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After increasing the Department of Defense (DoD) budget in real terms during seven of the past eight fiscal years, Congress has now pivoted toward restraining spending by passing the Fiscal Responsibility Act of 2023. Approved in early June as part of the debt ceiling deal, the law imposes a liberating limit on defense. It unshackles defense spending from parity with nondefense spending but still caps military budgets at or near current spending levels for the next two fiscal years while brandishing the threat of a lowered defense cap and potential sequestration if Congress delays in passing full-year appropriations for any budget account.
Weapons do not conduct military operations in isolation from one another, and yet the U.S. defense community devotes considerable attention each year to individual platforms. The time spent appraising specific weapons is understandable, given the huge investments and cutthroat politics surrounding these projects, not to mention the defense budget boiling everything down to line items, but is misplaced in a strategic context.
In May 2022, the “Quad” nations — the United States, Australia, Japan, and India — announced the creation of the Indo-Pacific Partnership for Maritime Domain Awareness (IPMDA) to monitor illegal fishing, humanitarian crises, maritime security, marine conservation, and related issues in the region. IPMDA’s most significant activity involves disseminating unclassified data collected by commercial satellites to improve the common operating picture of participating nations and bolster information sharing across regional fusion centers, including in India, Singapore, the Solomon Islands, and Vanuatu.
The United States' (U.S.) provision of weapons to Ukraine over the last year has raised critical questions about the overall supply of Western munitions and the ability of the weapon industrial base to meet the munitions demands of contemporary conflict. Although war in Ukraine has focused the world’s attention on the munitions issue, a survey of previous U.S. strike operations reveals that the U.S. has struggled to meet PGM demands in nearly every major campaign undertaken since their adoption. Looking to the future, simply producing and procuring more PGMs may not be enough to satisfy the requirements of a near-term great power conflict given current fiscal, industrial, and political constraints.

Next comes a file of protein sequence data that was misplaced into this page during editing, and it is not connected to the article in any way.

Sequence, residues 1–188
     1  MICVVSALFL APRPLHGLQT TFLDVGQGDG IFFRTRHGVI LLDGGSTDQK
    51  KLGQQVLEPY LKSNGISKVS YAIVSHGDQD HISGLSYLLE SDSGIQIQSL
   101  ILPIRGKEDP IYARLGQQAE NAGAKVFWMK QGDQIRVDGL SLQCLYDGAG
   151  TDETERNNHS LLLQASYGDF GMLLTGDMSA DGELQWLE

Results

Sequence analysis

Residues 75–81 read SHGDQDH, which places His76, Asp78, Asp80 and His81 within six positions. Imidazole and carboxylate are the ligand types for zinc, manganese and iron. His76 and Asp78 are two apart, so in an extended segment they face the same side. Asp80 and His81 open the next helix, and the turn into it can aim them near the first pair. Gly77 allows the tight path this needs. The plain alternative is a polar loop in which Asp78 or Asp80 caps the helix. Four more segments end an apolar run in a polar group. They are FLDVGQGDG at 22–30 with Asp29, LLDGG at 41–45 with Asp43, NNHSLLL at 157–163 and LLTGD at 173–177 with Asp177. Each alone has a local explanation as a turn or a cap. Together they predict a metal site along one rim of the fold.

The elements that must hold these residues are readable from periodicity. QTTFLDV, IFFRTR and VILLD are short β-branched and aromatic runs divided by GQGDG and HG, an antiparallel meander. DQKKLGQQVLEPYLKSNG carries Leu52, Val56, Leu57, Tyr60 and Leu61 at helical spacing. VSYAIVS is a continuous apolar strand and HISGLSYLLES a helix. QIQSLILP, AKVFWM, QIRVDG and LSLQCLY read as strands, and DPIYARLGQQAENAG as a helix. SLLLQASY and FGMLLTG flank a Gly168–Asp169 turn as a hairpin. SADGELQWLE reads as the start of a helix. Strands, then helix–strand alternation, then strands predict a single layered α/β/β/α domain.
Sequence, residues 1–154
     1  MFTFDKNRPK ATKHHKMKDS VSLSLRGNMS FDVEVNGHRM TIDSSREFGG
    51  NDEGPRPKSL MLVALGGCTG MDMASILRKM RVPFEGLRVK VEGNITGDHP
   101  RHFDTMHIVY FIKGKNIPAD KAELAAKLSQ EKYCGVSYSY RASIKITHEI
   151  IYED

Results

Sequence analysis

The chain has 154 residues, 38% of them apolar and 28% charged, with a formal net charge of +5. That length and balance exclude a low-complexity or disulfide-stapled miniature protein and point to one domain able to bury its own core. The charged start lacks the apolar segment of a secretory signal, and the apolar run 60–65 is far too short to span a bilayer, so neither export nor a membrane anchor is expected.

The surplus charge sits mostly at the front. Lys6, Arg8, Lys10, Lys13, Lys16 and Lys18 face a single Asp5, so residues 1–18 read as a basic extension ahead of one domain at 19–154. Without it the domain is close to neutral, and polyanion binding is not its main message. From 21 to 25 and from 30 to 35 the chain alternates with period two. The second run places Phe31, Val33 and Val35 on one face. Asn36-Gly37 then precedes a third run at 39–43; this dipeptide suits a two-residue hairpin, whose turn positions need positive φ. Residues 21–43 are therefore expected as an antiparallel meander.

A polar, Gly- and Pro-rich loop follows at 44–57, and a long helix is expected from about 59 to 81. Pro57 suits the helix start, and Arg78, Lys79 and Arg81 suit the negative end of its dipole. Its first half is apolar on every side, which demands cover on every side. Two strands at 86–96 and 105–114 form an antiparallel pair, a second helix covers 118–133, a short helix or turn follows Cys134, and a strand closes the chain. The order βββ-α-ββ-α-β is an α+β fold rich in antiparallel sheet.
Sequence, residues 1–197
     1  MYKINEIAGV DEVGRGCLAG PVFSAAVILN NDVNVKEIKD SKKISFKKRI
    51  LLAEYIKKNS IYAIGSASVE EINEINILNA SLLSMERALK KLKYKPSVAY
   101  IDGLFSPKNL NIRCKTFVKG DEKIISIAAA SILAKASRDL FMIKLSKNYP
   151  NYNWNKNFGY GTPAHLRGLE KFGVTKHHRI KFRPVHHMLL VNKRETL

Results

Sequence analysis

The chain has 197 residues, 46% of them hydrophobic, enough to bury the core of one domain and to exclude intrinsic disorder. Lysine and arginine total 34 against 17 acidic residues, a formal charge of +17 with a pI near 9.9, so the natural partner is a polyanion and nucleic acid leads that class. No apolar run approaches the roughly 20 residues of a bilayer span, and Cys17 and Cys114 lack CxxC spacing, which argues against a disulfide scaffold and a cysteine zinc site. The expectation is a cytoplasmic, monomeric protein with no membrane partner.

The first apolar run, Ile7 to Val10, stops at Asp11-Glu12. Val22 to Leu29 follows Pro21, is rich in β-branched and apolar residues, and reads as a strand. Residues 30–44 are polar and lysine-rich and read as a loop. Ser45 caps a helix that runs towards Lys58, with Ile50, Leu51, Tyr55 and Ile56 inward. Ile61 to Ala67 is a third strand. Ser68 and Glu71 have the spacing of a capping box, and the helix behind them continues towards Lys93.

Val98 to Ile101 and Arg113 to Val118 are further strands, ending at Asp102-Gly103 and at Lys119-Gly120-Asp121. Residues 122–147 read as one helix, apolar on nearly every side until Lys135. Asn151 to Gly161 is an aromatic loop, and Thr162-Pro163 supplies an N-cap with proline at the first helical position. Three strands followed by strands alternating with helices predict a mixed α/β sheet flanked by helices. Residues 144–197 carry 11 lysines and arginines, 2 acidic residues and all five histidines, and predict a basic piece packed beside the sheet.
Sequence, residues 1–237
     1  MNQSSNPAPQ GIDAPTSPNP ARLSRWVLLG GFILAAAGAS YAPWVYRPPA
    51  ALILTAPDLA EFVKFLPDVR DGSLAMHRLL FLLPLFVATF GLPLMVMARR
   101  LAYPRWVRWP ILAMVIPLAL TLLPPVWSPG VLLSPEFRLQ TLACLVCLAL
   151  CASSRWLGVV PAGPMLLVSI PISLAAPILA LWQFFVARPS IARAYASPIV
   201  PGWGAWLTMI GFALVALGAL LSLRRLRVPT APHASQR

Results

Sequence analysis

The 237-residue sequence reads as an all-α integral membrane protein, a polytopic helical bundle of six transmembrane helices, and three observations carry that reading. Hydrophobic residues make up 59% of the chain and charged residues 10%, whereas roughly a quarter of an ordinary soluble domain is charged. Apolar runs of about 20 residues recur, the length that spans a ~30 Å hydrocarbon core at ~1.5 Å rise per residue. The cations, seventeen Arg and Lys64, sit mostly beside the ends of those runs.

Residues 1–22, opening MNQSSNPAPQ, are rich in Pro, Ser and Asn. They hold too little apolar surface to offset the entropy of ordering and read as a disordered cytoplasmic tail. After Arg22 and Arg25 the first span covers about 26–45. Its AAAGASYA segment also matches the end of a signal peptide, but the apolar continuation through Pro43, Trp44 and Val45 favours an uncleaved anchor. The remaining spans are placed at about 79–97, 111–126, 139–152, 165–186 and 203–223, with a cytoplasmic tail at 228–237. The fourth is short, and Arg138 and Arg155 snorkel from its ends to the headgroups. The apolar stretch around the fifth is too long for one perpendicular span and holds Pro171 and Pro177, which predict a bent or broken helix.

In the long-term competition between the United States and China, the competitive edge will be decided not only by who more effectively fields current capabilities and strategies, but also by which state's techno-security system can most effectively develop and field new technologies for strategic, dual-use, and defense applications. Although both states recognize the need to prevail in the techno-security competition, the two have drastically different approaches to defense innovation and defense industrial policy.
Today, states are pursuing an array of supposedly "disruptive" or "game-changing" technologies that could alter how they organize, train, equip, and employ their forces, including their nuclear forces. The 2022 National Defense Strategy emphasized the link between some of these technologies and the risk of nuclear use, noting that "a wide range of new or fast-evolving technologies and applications are complicating escalation dynamics and creating new challenges for strategic stability."